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Does America have a corruption problem?

Transparency International's new Corruptions Perceptions Index is out, and it's bad news for the United States: For the first time, America has slipped out of the ranks of the 20 least corrupt countries, falling below Qatar and ranking just above Uruguay to take the not-so-coveted 22nd spot.

Obviously, anyone's who's been to either of those two countries will recognize the absurdity of the ranking (after all, the government Qatar is basically run by one family that also owns or controls a huge swath of the economy -- nepotism is not a dirty word here, it's how you get things done), but it's a troubling finding nonetheless. The United States has a lot of work to do to overcome its new global image as a bastion of crony capitalism run for the benefit of big banks with political connections.

The news is likely to give a boost to those who argue that the bailouts of large financial institutions were a mistake, rather than a necessary if unsavory measure needed to prevent global economic armageddon.

Other findings of note: Russia is now all the way down at 154th place, near the bottom of the list. Italy also had a bad year, sinking from 63rd to 67th. On the positive side of the ledger, hard-luck Haiti saw its ranking improve from  168 to 146, and tiny Bhutan jumped 13 places to 36th. Failed  states took their usual place at the far bottom of the list, with Iraq, Afghanistan, Burma, and Somalia filling out the last four slots.

Full rankings below the jump:

Rank

Country

Score

Surveys

1

Denmark

9.3

6

1

New Zealand

9.3

6

1

Singapore

9.3

9

4

Finland

9.2

6

4

Sweden

9.2

6

6

Canada

8.9

6

7

Netherlands

8.8

6

8

Australia

8.7

8

8

Switzerland

8.7

6

10

Norway

8.6

6

11

Iceland

8.5

5

11

Luxembourg

8.5

5

13

Hong Kong

8.4

8

14

Ireland

8.0

6

15

Austria

7.9

6

15

Germany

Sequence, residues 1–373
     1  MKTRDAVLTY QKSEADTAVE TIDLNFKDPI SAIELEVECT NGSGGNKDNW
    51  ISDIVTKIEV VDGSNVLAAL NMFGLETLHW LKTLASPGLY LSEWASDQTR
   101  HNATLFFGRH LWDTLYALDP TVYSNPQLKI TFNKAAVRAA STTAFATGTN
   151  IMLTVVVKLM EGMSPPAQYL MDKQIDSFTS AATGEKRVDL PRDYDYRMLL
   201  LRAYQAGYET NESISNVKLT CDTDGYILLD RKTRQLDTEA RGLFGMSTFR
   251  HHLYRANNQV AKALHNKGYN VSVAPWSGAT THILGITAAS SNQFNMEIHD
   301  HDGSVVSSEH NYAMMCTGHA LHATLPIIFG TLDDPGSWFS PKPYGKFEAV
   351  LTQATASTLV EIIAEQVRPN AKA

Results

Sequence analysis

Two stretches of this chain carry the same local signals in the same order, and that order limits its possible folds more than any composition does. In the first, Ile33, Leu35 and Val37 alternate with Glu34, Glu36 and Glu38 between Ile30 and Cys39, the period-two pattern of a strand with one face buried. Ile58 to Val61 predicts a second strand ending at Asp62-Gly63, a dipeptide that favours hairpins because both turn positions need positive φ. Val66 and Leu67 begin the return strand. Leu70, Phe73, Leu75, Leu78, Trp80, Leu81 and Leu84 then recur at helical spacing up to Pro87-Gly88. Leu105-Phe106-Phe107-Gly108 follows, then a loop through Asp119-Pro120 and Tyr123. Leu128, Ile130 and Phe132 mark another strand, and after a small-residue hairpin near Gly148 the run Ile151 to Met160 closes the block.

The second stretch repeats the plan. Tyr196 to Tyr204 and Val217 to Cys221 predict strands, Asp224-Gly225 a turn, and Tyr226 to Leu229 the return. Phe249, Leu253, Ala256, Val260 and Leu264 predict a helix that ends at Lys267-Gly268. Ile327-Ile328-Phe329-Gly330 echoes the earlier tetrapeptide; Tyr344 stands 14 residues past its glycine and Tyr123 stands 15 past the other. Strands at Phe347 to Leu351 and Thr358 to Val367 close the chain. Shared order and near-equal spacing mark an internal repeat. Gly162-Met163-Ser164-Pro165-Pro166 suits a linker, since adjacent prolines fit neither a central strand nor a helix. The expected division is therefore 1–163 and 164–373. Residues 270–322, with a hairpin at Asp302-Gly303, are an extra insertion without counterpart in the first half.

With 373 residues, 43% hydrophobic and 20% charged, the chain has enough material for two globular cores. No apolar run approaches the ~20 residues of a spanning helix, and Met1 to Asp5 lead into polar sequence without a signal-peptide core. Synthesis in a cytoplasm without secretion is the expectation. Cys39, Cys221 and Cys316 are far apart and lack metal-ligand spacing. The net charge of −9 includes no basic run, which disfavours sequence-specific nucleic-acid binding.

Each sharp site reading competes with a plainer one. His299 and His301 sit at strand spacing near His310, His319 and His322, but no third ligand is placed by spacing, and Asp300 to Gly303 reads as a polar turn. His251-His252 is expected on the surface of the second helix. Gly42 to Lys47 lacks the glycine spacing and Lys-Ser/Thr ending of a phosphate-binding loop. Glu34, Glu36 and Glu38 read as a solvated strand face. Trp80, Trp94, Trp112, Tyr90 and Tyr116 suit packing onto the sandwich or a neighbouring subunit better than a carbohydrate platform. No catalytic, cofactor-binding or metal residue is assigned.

7.9

6

17

Barbados

7.8

4

17

Japan

7.8

8

19

Qatar

7.7

7

20

United Kingdom

7.6

6

21

Chile

7.2

7

22

Belgium

7.1

6

22

United States

7.1

8

24

Uruguay

6.9

5

25

France

6.8

6

26

Estonia

6.5

8

27

Slovenia

6.4

8

28

Cyprus

6.3

4

28

United Arab Emirates

6.3

5

30

Israel

6.1

6

30

Spain

6.1

6

32

Portugal

6.0

6

33

Botswana

5.8

6

33

Puerto Rico

5.8

4

33

Taiwan

5.8

9

36

Bhutan

5.7

4

37

Malta

5.6

3

38

Brunei

5.5

3

39

Korea (South)

5.4

9

39

Mauritius

5.4

6

41

Costa Rica

5.3

5

41

Oman

5.3

5

41

Poland

5.3

8

44

Dominica

5.2

3

45

Cape Verde

5.1

4

46

Lithuania

5.0

8

46

Macau

5.0

3

48

Bahrain

4.9

5

49

Seychelles

4.8

3

50

Hungary

4.7

8

50

Jordan

4.7

7

50

Saudi Arabia

4.7

5

53

Czech Republic

4.6

8

54

Kuwait

4.5

5

54

South Africa

4.5

8

56

Malaysia

4.4

9

56

Namibia

4.4

6

56

Turkey

4.4

7

59

Latvia

4.3

6

59

Slovakia

4.3

8

59

Tunisia

4.3

6

62

Croatia

4.1

8

62

FYR Macedonia

4.1

5

62

Ghana

4.1

7

62

Samoa

4.1

3

66

Rwanda

4.0

5

67

Italy

3.9

6

68

Georgia

3.8

7

69

Brazil

3.7

7

69

Cuba

3.7

3

69

Montenegro

3.7

5

69

Romania

3.7

8

73

Bulgaria

3.6

8

73

El Salvador

3.6

5

73

Panama

3.6

5

73

Trinidad and Tobago

3.6

4

73

Vanuatu

3.6

3

78

China

3.5

9

78

Colombia

3.5

7

78

Greece